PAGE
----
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Constants with & prefix and variables with % trailer

Posted on 2004-04-23
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Last Modified: 2010-05-02
Hi,

As I'm broadening my VB knowledge, I came across things like this a couple of times:
Private Const GENERIC_READ = &H80000000

this is usually used with API calls it seems


and things like this:
For i%=0 to 100
    Array(i%) = "Lipsum"
Next i%


Now I suppose the first has something to do with hexadecimals. Just a wild guess, but I'd like to know more about that.
The second one is a puzzler. I used it a couple of times myself, to dynamically create control arrays, but what it means... You got me.
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Question by:boeman
6 Comments
 
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by:jmwheeler
ID: 10899002
You got it.  &H is for hexadecimal.  The % I believe is for long integer's.
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by:TimCottee
TimCottee earned 250 total points
ID: 10899067
Hi boeman,

&H is hex

Suffixes:
& is long integer
% is integer
$ is string
! is single
# is double

There may be some others but these are the most common.

They are not necessarily required when you explicitly declare a variable but can come in handy when you need to ensure that a specific datatype is used:

Msgbox 32000 + 5000
For example will generate an overflow error because the result of adding these two implicit integers together is larger than the integer datatype can handle.

Msgbox 32000& + 5000
will not because one of them is a long and therefore the result is implicitly cast to a long.

Tim Cottee
Brainbench MVP for Visual Basic
http://www.brainbench.com
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Expert Comment

by:mmusante
ID: 10899076
% is for Integer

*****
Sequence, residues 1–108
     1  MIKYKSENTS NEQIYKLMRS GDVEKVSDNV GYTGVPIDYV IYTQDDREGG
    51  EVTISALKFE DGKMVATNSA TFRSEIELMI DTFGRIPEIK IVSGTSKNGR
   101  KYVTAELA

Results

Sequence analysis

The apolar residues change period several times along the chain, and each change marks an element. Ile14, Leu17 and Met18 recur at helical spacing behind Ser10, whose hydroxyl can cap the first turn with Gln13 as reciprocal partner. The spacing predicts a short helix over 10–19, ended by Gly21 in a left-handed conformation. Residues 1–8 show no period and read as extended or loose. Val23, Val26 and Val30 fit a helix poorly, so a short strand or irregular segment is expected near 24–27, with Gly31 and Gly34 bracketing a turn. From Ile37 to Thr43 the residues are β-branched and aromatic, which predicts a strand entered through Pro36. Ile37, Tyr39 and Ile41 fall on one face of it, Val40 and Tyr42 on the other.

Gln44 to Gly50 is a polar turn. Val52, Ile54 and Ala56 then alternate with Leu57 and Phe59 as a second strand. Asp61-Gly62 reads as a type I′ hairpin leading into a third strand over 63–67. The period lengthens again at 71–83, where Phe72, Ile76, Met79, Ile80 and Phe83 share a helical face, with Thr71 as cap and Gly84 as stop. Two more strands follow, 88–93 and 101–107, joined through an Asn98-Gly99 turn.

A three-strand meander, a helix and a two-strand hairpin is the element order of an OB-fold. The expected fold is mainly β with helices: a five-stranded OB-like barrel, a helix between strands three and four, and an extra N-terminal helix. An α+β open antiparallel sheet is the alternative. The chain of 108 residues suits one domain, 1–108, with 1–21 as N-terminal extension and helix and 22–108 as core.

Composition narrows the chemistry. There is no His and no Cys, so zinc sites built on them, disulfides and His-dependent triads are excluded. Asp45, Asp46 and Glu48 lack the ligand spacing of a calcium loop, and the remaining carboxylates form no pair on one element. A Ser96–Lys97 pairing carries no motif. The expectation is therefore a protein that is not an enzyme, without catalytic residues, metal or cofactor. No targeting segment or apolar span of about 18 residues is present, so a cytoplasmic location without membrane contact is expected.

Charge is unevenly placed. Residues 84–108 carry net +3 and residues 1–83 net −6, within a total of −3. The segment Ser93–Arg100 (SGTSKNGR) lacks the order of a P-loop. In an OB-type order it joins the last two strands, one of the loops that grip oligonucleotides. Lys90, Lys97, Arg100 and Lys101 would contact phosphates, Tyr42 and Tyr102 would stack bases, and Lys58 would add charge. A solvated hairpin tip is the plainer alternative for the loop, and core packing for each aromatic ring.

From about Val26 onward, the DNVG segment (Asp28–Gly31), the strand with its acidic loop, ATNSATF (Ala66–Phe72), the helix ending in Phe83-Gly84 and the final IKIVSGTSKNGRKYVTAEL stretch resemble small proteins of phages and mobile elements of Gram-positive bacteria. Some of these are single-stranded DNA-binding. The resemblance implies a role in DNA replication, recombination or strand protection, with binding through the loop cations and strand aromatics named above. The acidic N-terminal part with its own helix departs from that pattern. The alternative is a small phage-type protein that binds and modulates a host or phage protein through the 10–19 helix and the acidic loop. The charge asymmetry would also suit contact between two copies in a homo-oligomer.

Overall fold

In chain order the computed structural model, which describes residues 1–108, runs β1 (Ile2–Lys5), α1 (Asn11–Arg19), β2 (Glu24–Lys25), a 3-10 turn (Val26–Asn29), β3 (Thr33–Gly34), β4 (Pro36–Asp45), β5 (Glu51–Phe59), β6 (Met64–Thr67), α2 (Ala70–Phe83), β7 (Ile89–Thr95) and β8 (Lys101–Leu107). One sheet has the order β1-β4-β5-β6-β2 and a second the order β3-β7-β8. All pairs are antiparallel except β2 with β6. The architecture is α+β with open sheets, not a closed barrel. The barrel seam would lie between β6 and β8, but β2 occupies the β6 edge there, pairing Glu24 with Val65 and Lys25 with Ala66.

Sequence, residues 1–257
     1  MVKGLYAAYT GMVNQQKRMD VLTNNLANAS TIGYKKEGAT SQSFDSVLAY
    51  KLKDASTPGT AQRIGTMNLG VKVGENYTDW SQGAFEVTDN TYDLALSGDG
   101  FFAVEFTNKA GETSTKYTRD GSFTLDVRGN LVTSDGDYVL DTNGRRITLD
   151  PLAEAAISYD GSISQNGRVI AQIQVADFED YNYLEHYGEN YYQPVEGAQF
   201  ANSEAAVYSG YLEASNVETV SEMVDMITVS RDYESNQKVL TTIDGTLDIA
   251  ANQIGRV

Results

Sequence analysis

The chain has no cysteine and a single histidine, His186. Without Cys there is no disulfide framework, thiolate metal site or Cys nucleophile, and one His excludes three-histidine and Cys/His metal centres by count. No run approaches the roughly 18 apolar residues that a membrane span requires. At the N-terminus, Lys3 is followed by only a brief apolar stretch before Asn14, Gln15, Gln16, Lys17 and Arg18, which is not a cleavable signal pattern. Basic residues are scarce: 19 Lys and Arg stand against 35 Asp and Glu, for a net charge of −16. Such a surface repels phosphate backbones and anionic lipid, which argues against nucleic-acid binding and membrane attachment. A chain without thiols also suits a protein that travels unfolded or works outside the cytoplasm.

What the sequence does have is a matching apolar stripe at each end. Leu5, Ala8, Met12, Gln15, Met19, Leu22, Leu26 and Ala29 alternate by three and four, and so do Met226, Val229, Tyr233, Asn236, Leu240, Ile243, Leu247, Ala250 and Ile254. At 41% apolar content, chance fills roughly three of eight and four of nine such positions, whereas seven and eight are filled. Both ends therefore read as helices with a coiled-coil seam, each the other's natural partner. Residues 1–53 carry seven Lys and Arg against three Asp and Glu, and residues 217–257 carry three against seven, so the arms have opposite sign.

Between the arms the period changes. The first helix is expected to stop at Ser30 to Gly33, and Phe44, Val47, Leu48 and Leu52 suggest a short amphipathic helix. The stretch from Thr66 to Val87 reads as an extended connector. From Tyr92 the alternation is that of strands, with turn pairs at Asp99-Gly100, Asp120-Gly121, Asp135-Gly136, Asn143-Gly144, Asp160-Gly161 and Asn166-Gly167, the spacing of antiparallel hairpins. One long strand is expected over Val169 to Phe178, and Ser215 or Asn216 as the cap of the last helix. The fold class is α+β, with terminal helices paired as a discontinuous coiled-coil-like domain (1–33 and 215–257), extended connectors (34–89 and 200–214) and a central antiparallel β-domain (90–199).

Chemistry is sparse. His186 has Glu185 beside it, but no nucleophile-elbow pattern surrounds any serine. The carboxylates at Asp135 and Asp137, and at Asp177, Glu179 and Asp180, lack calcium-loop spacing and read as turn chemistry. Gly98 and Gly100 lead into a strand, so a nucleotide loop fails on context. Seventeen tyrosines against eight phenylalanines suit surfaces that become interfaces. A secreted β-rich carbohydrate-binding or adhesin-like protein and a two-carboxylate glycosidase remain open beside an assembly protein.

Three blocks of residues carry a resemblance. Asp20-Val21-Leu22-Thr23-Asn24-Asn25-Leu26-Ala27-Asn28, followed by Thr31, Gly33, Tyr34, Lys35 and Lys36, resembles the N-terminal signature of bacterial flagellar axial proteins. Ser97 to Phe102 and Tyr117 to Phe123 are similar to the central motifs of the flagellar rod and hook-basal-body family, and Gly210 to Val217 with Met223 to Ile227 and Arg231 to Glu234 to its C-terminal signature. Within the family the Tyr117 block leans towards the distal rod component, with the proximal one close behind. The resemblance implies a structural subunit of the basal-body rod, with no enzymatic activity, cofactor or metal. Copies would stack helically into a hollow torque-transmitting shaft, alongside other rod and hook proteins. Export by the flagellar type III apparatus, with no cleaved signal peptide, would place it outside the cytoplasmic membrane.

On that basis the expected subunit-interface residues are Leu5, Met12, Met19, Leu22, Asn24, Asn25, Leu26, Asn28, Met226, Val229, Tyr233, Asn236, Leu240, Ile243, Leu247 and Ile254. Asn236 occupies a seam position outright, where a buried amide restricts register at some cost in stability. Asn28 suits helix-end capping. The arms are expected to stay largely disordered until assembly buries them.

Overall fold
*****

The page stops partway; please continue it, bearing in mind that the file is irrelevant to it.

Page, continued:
& is for Long
$ is for string
# is for Double
! is for single
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Author Comment

by:boeman
ID: 10899236
Thanks TimCottee, that part of the question is clear for me now.

jmwheeler: for the &H, &D etc, it stands for hexadecimal and decimal etc.. But I need some kind of explanation or a nice example.

Tim is going to be rewarded with half of the points for trailing sings.
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Accepted Solution

by:
TimCottee earned 250 total points
ID: 10899391
boeman,

This is one of those questions where perhaps there is no definitive answer. I guess the closest I could offer is this:

& as suffix represents a long integer so & as a prefix also signifies a long integer but the next letter (H, O, D) identifies the base in which the following "number" is represented.

9 &O11 &H9
15 &O17 &HF
16 &O20 &H10
20 &O24 &H14
255 &O377 &HFF

Show the same numbers in decimal, octal and hexadecimal representations. I have never used or seen any code examples using Octal but the functionality is there!

Tim.
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by:boeman
ID: 10900129
OK, thanks for rectifying this issue.
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